Historical Materials from University of Nebraska-Lincoln Extension

Alfalfa is the most important forage crop in Nebraska. it is wisely adapted, energy efficient and produces the most protein yield per acre. It is used widely for local livestock feed and its importance as a cash crop is growing rapidly. With good management, Nebraska producers can attain good alfalfa yields and high quality in either irrigated or dryland production systems.

In Nebraska the diseases that most affect forage yields, forage quality and stand persistence are crown and root rots, phytophthora root rot, anthracnose, spring black stem, summer black stem and common leaf spot. Each will be discussed briefly in ...


Nf97-328 A Guide To Grasshopper Control In Cropland (Revised May 2004), Gary L. Hein, John B. Campbell Jan 1997

Nf97-328 A Guide To Grasshopper Control In Cropland (Revised May 2004), Gary L. Hein, John B. Campbell

Historical Materials from University of Nebraska-Lincoln Extension

Grasshoppers have been a major concern to farmers and ranchers since Nebraska was first settled. The potential for devastation, while still serious, is not as great as it was 100 years ago because many of the prime grasshopper breeding areas along the eastern slopes of the Rocky Mountains are now under tillage. Statewide, grasshopper populations fluctuate in cycles with large numbers occurring for two to four years, followed by moderate numbers for several years.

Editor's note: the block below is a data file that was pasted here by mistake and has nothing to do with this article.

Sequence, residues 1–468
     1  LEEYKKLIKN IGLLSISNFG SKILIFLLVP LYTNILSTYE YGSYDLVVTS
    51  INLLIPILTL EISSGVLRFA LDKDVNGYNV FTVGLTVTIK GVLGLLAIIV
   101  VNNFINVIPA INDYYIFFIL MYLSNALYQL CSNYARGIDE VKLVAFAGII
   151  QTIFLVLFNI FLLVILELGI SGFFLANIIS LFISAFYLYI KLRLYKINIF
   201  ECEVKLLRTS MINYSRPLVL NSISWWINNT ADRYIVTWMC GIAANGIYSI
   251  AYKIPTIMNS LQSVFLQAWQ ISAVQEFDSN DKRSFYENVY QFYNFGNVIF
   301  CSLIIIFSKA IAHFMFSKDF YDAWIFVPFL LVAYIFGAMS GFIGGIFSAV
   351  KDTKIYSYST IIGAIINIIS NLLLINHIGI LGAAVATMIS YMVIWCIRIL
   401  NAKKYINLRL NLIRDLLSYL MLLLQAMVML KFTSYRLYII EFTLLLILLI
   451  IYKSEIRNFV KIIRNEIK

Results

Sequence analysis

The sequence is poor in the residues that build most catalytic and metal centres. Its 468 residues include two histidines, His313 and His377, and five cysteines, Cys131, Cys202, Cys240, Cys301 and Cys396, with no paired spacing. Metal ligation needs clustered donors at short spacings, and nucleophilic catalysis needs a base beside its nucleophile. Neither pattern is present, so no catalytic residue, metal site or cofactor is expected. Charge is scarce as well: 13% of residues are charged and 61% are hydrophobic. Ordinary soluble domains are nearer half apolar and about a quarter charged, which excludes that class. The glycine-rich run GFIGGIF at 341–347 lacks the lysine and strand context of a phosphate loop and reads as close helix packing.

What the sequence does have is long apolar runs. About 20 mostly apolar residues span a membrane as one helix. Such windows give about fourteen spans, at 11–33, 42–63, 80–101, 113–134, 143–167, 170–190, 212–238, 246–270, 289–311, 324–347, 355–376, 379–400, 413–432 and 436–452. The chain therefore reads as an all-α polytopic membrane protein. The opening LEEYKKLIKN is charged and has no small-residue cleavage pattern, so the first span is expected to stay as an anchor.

This NebFact discusses grasshopper damage to cropland, how to determine when control is required and methods of control.


G97-1342 Feeding Value Of Alfalfa Hay And Alfalfa Silage, Terry L. Mader, Todd Milton, Ivan G. Rush, Bruce Anderson Jan 1997

G97-1342 Feeding Value Of Alfalfa Hay And Alfalfa Silage, Terry L. Mader, Todd Milton, Ivan G. Rush, Bruce Anderson

Historical Materials from University of Nebraska-Lincoln Extension

This NebGuide discusses the feeding value of alfalfa under different harvesting, storage and feeding methods, as compared to other protein sources.

In Nebraska, alfalfa is used primarily as a protein source. However, for cow-calf producers it can sometimes be an economical energy source, depending on the prevailing price of feed grains and other sources of energy.

Alfalfa is generally harvested as dry hay or as silage (65 percent moisture). Ensiling at 45 to 55 percent moisture is also common, particularly if the alfalfa is stored in an upright oxygen-limiting structure. Regardless of harvesting and storage methods, some dry matter and ...